Ares regarded him. “Where are the closest bunch of those foragers to here?” He asked, with quiet seriousness.  “I know there’s some nearby.”

He nodded. “Three leagues, perhaps. We passed them on our way.  But they had no women.” He said. “Only some boys, and a few animals.”

“You’re lying.” Gabrielle said.  “We know there were at least a few women with them.”

He didn’t even look at her this time.  Gabrielle dropped her staff down to a horizontal position and whipped the end of it at him, catching him in the side of the head and splitting his ear. A splash of blood hit the white, churned and frosty ground as he fell sideways in shock. 

“Good hit, your Maj.”  Solari said. “Buddy, we aint gods but you better answer our Queen or you’re gonna get your man’s parts ripped off if you don’t.”

But he shook his head. “There were no women.” He said. “And thank the gods, none like you.”

Ares turned towards Gabrielle. “He’s lying?” He asked her, cocking up one eyebrow. “C’mon Gabrielle. You’ve always had a finger on the pulse. Or whatever that stupid mortal saying is.”

“He’s lying.” Gabrielle repeated. “I heard two of his men talking about how we were uppity like the ones they had nearby.”

Ares patted her cheek.  Then he turned, and with a casual, throw away gesture extended his fingers towards the man and in a moment, he was twitching and then silent and still on the ground. “Let’s go find those two men, huh? Maybe they’ll have a better attitude.


Cait crawled up onto the ridge, carefully placing her boots on the icy surface as she got her head over the skyline and peered over it.  

It was dark and snowing. Hard to say if anything was down there, but as she stood there a bit indecisive the wind shifted a little and she caught the scent of wood smoke.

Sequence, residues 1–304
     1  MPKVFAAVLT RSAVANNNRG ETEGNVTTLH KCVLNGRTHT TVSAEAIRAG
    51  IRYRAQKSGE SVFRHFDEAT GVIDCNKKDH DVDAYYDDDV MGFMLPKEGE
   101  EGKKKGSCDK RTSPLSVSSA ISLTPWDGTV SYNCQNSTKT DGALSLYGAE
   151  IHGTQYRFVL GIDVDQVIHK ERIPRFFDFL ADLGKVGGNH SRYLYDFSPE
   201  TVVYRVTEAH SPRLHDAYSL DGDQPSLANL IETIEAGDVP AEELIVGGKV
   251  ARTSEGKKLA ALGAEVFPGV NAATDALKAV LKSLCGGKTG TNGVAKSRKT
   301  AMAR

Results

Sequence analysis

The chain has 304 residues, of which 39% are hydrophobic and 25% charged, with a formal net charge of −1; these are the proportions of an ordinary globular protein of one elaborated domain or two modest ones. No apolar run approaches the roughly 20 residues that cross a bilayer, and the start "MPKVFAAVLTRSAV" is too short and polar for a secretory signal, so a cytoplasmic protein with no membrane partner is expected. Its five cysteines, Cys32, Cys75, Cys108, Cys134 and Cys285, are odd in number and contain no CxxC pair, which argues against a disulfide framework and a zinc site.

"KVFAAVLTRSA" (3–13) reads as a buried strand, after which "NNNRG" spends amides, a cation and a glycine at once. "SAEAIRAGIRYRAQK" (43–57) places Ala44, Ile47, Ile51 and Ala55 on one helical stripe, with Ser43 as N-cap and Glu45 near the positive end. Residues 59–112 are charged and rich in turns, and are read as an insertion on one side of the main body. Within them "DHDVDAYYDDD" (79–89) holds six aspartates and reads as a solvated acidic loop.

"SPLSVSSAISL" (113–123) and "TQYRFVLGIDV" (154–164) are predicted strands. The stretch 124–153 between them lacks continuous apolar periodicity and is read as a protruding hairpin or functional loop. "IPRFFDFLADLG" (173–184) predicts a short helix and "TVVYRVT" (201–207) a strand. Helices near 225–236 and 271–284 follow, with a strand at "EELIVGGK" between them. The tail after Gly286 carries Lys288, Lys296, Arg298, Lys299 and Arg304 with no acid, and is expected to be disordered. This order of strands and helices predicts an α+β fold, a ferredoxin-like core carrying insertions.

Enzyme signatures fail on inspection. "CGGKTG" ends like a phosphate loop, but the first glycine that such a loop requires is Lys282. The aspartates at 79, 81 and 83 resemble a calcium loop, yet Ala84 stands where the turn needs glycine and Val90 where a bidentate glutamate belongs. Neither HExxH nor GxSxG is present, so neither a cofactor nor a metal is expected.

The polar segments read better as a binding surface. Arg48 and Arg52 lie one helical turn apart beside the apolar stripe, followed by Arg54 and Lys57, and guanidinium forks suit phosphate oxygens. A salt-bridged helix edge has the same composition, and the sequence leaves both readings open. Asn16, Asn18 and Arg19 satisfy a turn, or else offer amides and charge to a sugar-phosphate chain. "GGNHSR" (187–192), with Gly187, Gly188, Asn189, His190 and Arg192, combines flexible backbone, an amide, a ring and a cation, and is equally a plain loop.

Ah.  She turned and motioned her companions forward, and after a moment and a curse or two Nala, Hercules and Iolaus were up next to her. “Smell their fire.” She whispered.  “Over there, see? Under that rock bit.”

Hercules shaded his eyes and blinked. “No I d.. oh. A couple of sparks, yeah.” He said. “You think that’s them?”

Cait shrugged. “It’s really impossible to tell you know.  It’s someone.” She prepared to edge over the ridge and go down the other side. “Let me go see.”

Hercules reached out a  hand but she was already gone, wrapping her cloak around her and making her way through the drifting snow towards the dimly seen fire.   “Wish she wouldn’t do that.”

“Might as well wish you were a fish.” Nala stated. “Should we go after her? If she falls into that camp hard to say who’ll it will end up worse for.”

“We should.” Iolaus said, as he pulled his hood up and went after Cait, his profile breaking the skyline briefly before he disappeared. 

“Guess that’s that.” Hercules sighed.  “Hope the horses’ll be okay.” He lifted his big frame over the snow covered hilltop, keeping to his feet as he made his way down  with Nala right behind him.  “Maybe we’ll get lucky.”